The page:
MIAMI -- News executives and media lawyers found little comfort in a federal judge's ruling allowing Cable News Network to broadcast tapes of Gen. Manuel Antonio Noriega's prison phone calls.
They said yesterday's decision by U.S. District Court Judge William Hoeveler, though positive in and of itself, might still leave a legacy adverse to press freedom.
The U.S. Supreme Court's Nov. 18 refusal to lift Hoeveler's temporary ban on the broadcast of the tapes may encourage judges to prevent news outlets from publishing stories until they review material in the media's possession, editors and legal experts said.
"The barriers against prior restraint have been breached a bit," said Floyd Abrams, one of the country's most prominent First Amendment attorneys.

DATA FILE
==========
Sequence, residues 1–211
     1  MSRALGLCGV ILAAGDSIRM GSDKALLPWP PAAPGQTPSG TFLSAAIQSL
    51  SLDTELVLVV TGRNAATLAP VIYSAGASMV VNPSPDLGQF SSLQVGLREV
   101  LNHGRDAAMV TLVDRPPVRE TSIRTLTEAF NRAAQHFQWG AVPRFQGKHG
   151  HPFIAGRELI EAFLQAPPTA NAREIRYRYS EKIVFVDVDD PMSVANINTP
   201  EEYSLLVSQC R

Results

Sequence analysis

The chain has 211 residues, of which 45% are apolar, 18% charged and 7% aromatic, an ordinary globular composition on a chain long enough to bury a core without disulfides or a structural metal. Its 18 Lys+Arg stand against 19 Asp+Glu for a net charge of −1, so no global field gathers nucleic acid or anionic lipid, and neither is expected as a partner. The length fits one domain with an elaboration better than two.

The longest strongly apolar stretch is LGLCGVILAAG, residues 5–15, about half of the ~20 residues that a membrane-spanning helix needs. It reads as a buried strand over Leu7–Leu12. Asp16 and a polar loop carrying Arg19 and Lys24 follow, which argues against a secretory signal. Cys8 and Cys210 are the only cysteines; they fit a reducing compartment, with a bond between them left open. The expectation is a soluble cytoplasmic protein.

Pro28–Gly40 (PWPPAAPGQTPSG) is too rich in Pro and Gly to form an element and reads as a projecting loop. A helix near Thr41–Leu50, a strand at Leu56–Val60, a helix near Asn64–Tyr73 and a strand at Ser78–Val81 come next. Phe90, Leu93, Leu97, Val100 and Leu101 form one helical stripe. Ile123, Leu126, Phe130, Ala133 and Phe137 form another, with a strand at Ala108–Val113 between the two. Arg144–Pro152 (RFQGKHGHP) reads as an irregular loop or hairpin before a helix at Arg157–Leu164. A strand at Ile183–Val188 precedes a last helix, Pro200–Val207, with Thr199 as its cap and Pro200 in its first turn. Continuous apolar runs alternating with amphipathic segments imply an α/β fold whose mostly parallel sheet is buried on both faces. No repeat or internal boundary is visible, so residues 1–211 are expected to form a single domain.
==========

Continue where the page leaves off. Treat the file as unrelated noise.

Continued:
"My concern about the legacy of the case is that it may encourage other litigants to seek more prior restraint and to seek to learn the nature of the information journalists intend to publish," said Abrams, who helped defend the New York Times in the 1971 Pentagon Papers case.
"The aftertaste is unpleasant," said Thomas Plate, editor of The Los Angeles Times' editorial pages. "There was a prior restraint even though it was only for a short period of time."
Plate said he was against prior restraint under most circumstances, except those involving national security or an individual's life.
CBS television network also expressed concern, Hoeveler's ruling notwithstanding.